hand signing form.

Legal Preparedness for Aging and Caregiving

By Sharona Hoffman

During 2013 and 2014, I endured a very difficult 18 months. Both of my parents died, my mother-in-law died, and my husband was diagnosed with Parkinson’s disease at the age of 55. As I went through all of this, I learned a great deal about getting older, getting sick, facing the end of life, and caregiving. As a result of my personal experiences and my professional background as a Professor of Law and Bioethics at Case Western Reserve University, I wrote a book called Aging with a Plan: How a Little Thought Today Can Vastly Improve Your Tomorrow.

The book addresses many legal, financial, medical, social, and other support systems for aging and caregiving. In this article, I discuss the legal documents that every American adult should have. These documents can help ensure that your finances and health care are well-managed as you age and that your wishes will be followed after death.

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cells with the doors closed at a historic Idaho prison.

The Pandemic Prison

By Dan Berger

The pandemic prison has utilized several of the worst features of incarceration as a foundational part of how the institution governs “public health” for its captives. And because prisons are never as removed from society as proponents like to think, these protocols redound far beyond the prison system itself.

The scale of COVID-19 in jails, prisons, and detention centers was expected. These institutions are defined by close quarters, poor health care, and, at least initially, little or no personal protective equipment. From the earliest days of the pandemic, anyone paying attention to jails, prisons, and detention centers knew that they would be vectors of community spread.

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Medical Hospital: Neurologist and Neurosurgeon Talk, Use Computer, Analyse Patient MRI Scan, Diagnose Brain. Brain Surgery Health Clinic Lab: Two Professional Physicians Look at CT Scan. Close-up.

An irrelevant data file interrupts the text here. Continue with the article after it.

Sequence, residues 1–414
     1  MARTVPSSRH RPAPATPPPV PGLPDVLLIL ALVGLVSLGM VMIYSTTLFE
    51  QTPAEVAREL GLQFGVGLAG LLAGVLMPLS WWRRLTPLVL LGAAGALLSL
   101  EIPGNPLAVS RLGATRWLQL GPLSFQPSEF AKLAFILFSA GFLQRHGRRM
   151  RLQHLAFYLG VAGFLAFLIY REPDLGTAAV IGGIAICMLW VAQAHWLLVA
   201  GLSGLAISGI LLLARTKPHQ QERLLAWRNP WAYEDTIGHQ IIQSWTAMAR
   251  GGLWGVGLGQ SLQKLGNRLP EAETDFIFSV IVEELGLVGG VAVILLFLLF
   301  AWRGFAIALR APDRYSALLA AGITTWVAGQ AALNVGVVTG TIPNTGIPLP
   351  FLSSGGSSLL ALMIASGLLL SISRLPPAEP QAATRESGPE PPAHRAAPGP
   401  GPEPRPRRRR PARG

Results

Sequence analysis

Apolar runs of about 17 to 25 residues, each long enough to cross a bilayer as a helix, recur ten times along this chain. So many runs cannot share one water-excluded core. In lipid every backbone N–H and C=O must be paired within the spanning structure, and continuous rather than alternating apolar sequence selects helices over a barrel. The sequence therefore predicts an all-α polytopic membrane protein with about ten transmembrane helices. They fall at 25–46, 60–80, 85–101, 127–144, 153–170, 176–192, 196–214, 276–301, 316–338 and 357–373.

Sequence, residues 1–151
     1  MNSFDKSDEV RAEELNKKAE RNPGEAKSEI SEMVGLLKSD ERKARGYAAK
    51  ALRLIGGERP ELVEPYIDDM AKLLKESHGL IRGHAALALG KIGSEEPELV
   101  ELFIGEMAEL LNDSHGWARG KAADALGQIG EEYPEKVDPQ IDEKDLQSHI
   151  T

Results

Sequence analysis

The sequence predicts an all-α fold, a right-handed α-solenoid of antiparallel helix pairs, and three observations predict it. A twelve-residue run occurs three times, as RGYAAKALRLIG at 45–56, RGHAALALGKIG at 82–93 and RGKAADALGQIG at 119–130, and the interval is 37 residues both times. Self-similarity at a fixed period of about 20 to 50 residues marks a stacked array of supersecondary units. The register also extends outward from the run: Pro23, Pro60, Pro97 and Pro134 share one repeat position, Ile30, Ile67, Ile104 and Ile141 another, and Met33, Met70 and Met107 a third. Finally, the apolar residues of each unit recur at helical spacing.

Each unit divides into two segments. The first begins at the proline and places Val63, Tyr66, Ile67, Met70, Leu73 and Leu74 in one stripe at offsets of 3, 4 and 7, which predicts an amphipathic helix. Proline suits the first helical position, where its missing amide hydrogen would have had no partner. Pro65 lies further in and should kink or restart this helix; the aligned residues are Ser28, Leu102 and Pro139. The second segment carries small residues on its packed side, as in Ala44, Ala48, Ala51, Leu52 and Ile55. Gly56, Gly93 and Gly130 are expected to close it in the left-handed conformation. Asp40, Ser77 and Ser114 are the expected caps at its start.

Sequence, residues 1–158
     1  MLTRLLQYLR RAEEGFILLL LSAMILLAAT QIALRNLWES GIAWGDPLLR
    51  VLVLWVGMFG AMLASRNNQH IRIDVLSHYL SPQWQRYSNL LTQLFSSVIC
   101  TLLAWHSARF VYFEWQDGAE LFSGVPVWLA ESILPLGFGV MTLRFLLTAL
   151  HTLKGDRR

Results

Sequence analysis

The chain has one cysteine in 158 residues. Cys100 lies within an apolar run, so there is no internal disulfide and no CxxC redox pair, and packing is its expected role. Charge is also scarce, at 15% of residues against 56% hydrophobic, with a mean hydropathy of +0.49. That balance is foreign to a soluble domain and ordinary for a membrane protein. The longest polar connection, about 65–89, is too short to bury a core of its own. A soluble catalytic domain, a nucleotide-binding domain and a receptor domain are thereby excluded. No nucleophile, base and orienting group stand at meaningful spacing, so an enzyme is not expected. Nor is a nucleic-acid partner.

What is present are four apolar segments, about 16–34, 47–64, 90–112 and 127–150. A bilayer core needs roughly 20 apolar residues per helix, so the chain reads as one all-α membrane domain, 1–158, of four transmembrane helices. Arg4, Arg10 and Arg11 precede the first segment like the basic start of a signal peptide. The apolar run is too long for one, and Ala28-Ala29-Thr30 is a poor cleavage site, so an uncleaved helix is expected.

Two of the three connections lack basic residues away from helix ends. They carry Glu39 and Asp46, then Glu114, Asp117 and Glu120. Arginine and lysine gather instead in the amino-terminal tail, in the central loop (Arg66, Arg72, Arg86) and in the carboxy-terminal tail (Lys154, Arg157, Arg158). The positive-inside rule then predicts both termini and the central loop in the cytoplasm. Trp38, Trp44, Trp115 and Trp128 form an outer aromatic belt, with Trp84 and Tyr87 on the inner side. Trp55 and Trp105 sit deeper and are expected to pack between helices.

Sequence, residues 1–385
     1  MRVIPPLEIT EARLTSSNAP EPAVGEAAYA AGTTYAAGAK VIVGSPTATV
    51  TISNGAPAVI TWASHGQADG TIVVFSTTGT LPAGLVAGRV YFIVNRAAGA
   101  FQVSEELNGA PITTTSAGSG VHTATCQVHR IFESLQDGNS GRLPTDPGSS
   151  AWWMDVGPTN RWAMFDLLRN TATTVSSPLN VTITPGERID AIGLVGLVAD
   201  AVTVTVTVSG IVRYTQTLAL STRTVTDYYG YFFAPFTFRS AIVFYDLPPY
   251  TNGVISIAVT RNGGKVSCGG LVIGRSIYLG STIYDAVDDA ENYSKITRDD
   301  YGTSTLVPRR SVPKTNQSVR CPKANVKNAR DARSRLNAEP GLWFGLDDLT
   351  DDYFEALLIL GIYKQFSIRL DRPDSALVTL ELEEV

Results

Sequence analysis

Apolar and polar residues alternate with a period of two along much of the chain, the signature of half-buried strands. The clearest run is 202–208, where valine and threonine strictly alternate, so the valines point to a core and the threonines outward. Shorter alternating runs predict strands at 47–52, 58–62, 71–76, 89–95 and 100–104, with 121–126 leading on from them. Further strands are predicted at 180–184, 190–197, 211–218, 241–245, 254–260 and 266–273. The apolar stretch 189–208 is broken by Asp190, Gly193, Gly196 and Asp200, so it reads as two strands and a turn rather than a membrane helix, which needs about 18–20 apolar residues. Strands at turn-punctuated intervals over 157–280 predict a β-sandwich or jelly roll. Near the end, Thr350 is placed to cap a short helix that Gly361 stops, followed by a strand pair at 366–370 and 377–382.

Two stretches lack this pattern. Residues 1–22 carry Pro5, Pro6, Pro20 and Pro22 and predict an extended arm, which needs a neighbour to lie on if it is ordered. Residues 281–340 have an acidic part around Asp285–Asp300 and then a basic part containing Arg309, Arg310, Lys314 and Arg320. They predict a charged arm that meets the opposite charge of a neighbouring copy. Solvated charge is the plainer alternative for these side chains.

Creating Brain-Forward Policies Amid a ‘Mass Deterioration Event’

By Emily R.D. Murphy

COVID-19 will be with us — in our society and in our brains — for the foreseeable future. Especially as death and severe illness rates have dropped since the introduction of vaccines and therapeutics, widespread and potentially lasting brain effects of COVID have become a significant source of discussion, fear, and even pernicious rumors about the privileged deliberately seeking competitive economic advantages by avoiding COVID (by continuing to work from home and use other peoples’ labor to avoid exposures) and its consequent brain damage.

This symposium contribution focuses specifically on COVID’s lasting effects in our brains, about which much is still unknown. It is critical to focus on this — notwithstanding the uncertainty about what happens, to how many, and for how long — for two reasons. First, brain problems (and mental health) are largely invisible and thus overlooked and deprioritized. And second, our current disability laws and policies that might be thought to deal with the problem are not up to the looming task. Instead, we should affirmatively consider what brain-forward policies and governance could look like, building on lessons from past pandemics and towards a future of more universal support and structural accommodation of diminishment as well as disability.

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2020 San Pedro California April 30: Federal Correctional Institution Terminal Island prison. Half the inmates there were infected with coronavirus.

Carceral Health Care Is Designed to Fail

By Andrea C. Armstrong

COVID-19 is not the first pandemic within prisons. Modern history is littered with examples of disease outbreaks in carceral spaces, including tuberculosis, influenza, and MRSA. Like these earlier carceral pandemics, the over 620,000 COVID-19 infections and 3,100 related deaths among incarcerated individuals to date simply expose how U.S. health law and policy fails to protect people in custody.

Only incarcerated people have a constitutional right to healthcare in the United States. That right, however, is rendered toothless when supplied through a punitive system that lacks meaningful standards and robust oversight.

Here is what we know — despite the secrecy that shields penal institutions — about carceral health care.